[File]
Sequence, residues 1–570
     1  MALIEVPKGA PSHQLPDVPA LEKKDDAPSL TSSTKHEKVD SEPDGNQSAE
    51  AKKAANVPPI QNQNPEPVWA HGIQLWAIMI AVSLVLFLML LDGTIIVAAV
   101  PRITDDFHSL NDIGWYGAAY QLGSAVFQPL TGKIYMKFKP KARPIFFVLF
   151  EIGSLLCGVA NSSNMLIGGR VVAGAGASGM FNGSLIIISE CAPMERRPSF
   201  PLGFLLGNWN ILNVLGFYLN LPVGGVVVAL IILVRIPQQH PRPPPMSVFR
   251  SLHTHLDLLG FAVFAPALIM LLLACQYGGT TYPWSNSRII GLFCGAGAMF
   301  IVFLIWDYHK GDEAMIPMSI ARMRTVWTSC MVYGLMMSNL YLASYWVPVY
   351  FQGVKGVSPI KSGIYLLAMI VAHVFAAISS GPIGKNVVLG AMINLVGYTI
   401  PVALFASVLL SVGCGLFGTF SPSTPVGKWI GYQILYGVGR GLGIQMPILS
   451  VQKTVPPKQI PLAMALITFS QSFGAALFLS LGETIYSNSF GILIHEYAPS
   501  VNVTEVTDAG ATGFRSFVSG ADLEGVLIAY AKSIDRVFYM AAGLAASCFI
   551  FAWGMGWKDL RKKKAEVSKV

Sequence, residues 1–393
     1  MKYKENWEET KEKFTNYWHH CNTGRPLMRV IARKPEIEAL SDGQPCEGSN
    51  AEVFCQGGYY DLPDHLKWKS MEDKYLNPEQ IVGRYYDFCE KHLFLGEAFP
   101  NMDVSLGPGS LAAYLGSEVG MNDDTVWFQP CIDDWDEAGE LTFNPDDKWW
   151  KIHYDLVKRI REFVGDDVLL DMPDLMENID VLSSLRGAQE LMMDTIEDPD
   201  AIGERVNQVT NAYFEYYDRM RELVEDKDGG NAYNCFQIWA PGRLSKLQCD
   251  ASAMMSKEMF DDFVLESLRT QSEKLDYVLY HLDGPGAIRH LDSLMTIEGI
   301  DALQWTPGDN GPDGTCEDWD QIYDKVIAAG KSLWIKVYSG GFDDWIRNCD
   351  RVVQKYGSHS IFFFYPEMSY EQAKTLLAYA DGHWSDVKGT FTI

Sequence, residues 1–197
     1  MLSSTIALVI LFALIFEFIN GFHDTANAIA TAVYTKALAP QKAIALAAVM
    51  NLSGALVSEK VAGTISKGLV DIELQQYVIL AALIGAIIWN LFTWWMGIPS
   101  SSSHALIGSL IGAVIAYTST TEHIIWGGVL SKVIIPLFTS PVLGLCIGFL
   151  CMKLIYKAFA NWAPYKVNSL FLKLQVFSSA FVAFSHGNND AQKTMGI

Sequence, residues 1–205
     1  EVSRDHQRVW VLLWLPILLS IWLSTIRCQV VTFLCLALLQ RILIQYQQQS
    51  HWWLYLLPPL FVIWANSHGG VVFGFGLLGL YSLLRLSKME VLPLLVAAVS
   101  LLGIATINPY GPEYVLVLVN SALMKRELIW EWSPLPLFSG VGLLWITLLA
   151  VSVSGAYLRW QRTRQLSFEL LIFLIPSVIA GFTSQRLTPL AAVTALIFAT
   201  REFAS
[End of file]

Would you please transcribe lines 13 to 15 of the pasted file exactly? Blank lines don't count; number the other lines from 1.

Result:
   551  FAWGMGWKDL RKKKAEVSKV

Sequence, residues 1–393
     1  MKYKENWEET KEKFTNYWHH CNTGRPLMRV IARKPEIEAL SDGQPCEGSN